Episode 259 :: Lama Rod Owens :: Radical Dharma Part One — Intersectionality and Complexity

| October 2, 2016 | 8 Comments


Lama Rod Owens

Lama Rod Owens joins us to speak about his new book Radical Dharma: Talking Race, Love, and Liberation.

If you’ve listened to this podcast regularly, you already know we make a point of having guests with a wide diversity of views, backgrounds, and practices. This is not just because we at the SBA have a personal passion and interest in inclusivity and social action, though many of us do, but because this is one of the common threads in the colorful tapestry of secular Buddhism: diversity and inclusion. We see that as a strength, perhaps as a manifestation of Buddhism’s encounter with modernity, but also because we’re people living in this society so rife right now with racial tensions. Making sure we openly discuss these issues, even knowing we’ll make mistakes, we’ll get upset, we’ll learn about our edges is something we expect is critical to fostering positive change.

Lama Rod Owens is a graduate of the traditional 3 Year Retreat program at Kagyu Thubten Choling Monastery where he received his teaching authorization from his root teacher, The Venerable Lama Norlha Rinpoche. He is currently a resident teacher with Natural Dharma Fellowship in Cambridge, MA and is pursuing his graduate studies in Buddhism at Harvard Divinity School. He has served as the Lama and Program Director of Kagyu DC, a Tibetan Buddhist Dharma Center and community in Washington, D.C. Lama Rod specializes in applying the teachings of Mahamudra meditation in exploring racial and gender constructs, healing woundedness from trauma and other violence, as well as integrating spirituality and sexuality.

So, sit back, relax, and have a nice Intersectionali tea. That one’s for you, Lama Rod.



Web Links


Music for This Episode Courtesy of Rodrigo Rodriguez

The music heard in the middle of this podcast is from Rodrigo Rodriguez. You can visit his website to hear more of his music, get the full discography, and view his upcoming tour dates.

Category: The Secular Buddhist Podcast

Ted Meissner

About the Author ()

Ted Meissner is the host of the podcast Present Moment: Mindfulness Practice and Science. He has been a meditator since the early 90’s, has been interviewed for Books and Ideas, Mindful Lives, and The Whole Leader podcasts, spoken about mindfulness with various groups including Harvard Humanist Hub, and has written for Elephant Journal and The International Journal of Whole Person Care. He is the Executive Director of the Secular Buddhist Association, host of the SBA’s official podcast The Secular Buddhist, and is on the Advisory Board for the Spiritual Naturalist Society. Ted’s background is in the Zen and Theravada traditions, he is a regular speaker on interfaith panel discussions, and is interested in examining the evolution of contemplative practice in contemporary culture. Ted teaches Mindfulness Based Stress Reduction (MBSR) at the Center for Mindfulness in Medicine, Health Care & Society, where he is the Manager of Online Programming and Community Development.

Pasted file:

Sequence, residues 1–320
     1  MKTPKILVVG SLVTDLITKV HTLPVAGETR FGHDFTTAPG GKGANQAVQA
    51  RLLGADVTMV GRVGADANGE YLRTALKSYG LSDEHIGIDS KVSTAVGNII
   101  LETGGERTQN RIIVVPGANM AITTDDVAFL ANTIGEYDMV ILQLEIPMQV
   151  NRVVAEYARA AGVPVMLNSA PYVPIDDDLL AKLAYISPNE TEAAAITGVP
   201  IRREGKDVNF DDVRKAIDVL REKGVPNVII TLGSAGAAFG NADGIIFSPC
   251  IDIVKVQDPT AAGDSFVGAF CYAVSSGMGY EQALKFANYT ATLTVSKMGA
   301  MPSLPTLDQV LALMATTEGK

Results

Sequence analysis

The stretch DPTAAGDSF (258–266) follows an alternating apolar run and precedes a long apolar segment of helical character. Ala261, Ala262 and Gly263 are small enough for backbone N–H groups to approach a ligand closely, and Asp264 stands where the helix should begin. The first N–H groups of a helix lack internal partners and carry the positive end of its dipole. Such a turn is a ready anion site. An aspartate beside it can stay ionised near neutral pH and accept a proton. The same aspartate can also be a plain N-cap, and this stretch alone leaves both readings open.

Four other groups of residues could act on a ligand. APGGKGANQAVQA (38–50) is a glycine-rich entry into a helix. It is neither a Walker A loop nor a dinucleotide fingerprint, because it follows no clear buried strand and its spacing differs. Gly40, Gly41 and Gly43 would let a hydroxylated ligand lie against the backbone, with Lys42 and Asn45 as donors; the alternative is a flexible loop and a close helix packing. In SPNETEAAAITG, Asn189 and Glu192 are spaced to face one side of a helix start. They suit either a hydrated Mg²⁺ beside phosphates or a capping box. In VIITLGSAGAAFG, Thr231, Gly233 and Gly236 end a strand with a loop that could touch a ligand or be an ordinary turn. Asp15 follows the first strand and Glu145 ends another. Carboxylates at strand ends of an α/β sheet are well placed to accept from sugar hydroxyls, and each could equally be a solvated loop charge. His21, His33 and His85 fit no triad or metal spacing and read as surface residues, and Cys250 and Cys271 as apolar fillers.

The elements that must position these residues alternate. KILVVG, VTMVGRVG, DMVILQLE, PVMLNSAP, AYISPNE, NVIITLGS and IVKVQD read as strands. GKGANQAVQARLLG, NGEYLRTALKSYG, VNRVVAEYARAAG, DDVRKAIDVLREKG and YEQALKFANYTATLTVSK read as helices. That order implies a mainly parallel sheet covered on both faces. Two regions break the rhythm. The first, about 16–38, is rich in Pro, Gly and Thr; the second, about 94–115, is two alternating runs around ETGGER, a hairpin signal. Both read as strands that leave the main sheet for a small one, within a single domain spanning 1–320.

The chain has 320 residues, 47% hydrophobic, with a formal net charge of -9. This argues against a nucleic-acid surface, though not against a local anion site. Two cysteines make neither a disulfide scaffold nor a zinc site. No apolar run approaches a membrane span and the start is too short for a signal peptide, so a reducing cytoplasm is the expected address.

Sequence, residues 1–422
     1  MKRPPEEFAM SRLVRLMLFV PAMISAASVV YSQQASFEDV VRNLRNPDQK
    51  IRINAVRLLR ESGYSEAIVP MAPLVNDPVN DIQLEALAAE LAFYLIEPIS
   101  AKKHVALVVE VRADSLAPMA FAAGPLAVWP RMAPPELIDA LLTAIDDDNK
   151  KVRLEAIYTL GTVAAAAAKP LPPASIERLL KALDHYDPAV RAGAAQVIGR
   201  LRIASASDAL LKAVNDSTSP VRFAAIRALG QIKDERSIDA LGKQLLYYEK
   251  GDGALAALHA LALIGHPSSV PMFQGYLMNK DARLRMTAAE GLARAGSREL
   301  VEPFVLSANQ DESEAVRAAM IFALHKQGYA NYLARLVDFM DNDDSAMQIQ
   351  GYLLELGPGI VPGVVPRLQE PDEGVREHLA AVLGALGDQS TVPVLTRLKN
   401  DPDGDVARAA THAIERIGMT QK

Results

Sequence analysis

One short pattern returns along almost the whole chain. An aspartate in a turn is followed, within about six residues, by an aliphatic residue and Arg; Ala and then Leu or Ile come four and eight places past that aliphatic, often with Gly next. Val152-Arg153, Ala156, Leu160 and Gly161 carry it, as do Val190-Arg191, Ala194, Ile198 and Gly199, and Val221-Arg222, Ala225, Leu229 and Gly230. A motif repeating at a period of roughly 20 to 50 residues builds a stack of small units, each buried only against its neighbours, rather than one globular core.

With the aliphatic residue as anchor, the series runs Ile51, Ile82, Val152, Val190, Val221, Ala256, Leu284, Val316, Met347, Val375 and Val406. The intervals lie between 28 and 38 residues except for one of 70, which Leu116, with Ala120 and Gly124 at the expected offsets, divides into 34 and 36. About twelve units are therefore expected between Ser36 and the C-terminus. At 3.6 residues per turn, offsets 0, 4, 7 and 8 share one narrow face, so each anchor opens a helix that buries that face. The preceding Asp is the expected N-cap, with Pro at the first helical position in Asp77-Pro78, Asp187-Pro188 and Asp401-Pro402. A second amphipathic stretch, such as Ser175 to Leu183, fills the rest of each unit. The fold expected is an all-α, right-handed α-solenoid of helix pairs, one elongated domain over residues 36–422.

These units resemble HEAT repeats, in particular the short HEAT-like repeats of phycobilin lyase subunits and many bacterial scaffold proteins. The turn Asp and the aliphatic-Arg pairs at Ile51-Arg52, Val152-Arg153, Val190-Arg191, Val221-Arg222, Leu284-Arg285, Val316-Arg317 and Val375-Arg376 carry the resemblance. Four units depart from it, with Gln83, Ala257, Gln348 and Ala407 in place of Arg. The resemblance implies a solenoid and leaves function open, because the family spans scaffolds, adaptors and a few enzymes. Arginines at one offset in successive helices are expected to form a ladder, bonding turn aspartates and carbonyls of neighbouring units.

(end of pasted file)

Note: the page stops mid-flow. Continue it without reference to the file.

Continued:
Comments (8)

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  1. Firehorse Firehorse says:

    thank you so much for this! loved this interview – inspired joy and tears and i hope SB continues to move the conversation forward.

  2. Firehorse Firehorse says:

    was there a video that was going to be embedded?

  3. Ted Meissner Ted Meissner says:

    Oh! Yes, Firehorse, thank you for the reminder, that was my mistake — it has just been embedded on this page.

  4. Mark Knickelbine says:

    Practicing Confusion! Loving our anger! Examining the trauma of white racialization! Connecting, collaboration, and love! Honoring complexity! The more I listen, the more I think this is what dharma practice is supposed to be. So glad SBA has become a site for this conversation to continue.

  5. Michael Michael says:

    Thank you for posting this interview. It was eye-opening to feel resonances and connections in areas I didn’t expect.

  6. Jennifer Hawkins Jennifer Hawkins says:

    Just wanted to post a quick vote of support for all of this content. I want to listen to all of it again before digging deeper. Thanks to all involved!

  7. Doug Smith Doug Smith says:

    Thanks guys, great conversation about the dukkha of identity. This rabbit hole is very deep indeed.

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